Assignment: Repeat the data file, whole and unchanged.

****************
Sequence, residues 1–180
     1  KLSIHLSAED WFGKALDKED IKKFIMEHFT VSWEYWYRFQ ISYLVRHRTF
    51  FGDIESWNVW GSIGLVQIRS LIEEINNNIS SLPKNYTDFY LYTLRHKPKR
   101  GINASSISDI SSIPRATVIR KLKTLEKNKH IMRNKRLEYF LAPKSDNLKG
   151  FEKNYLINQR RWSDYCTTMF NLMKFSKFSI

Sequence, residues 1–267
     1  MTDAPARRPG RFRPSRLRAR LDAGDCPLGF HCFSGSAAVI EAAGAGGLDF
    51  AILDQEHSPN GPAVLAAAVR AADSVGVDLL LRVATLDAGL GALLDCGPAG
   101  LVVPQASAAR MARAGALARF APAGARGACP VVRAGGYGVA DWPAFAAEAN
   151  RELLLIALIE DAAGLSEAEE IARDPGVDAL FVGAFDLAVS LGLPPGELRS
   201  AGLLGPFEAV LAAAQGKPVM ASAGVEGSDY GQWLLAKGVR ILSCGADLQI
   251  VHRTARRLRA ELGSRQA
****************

Sequence, residues 1–180
     1  KLSIHLSAED WFGKALDKED IKKFIMEHFT VSWEYWYRFQ ISYLVRHRTF
    51  FGDIESWNVW GSIGLVQIRS LIEEINNNIS SLPKNYTDFY LYTLRHKPKR
   101  GINASSISDI SSIPRATVIR KLKTLEKNKH IMRNKRLEYF LAPKSDNLKG
   151  FEKNYLINQR RWSDYCTTMF NLMKFSKFSI

Sequence, residues 1–267
     1  MTDAPARRPG RFRPSRLRAR LDAGDCPLGF HCFSGSAAVI EAAGAGGLDF
    51  AILDQEHSPN GPAVLAAAVR AADSVGVDLL LRVATLDAGL GALLDCGPAG
   101  LVVPQASAAR MARAGALARF APAGARGACP VVRAGGYGVA DWPAFAAEAN
   151  RELLLIALIE DAAGLSEAEE IARDPGVDAL FVGAFDLAVS LGLPPGELRS
   201  AGLLGPFEAV LAAAQGKPVM ASAGVEGSDY GQWLLAKGVR ILSCGADLQI
   251  VHRTARRLRA ELGSRQA